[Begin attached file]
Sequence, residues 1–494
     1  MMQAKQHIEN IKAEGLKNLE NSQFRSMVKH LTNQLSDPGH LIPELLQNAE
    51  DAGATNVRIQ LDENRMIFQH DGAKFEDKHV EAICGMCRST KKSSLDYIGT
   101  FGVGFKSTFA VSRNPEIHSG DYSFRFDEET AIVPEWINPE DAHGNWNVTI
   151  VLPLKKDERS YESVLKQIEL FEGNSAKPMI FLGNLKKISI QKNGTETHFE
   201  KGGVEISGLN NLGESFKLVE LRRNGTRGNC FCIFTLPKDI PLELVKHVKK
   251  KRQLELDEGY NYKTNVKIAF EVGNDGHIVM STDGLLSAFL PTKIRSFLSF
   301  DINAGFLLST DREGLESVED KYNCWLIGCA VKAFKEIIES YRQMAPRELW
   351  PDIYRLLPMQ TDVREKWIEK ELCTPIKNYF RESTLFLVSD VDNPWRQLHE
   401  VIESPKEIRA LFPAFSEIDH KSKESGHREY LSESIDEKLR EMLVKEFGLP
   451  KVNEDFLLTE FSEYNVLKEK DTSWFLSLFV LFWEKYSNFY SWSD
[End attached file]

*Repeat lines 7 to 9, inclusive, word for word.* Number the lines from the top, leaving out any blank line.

   251  KRQLELDEGY NYKTNVKIAF EVGNDGHIVM STDGLLSAFL PTKIRSFLSF
   301  DINAGFLLST DREGLESVED KYNCWLIGCA VKAFKEIIES YRQMAPRELW
   351  PDIYRLLPMQ TDVREKWIEK ELCTPIKNYF RESTLFLVSD VDNPWRQLHE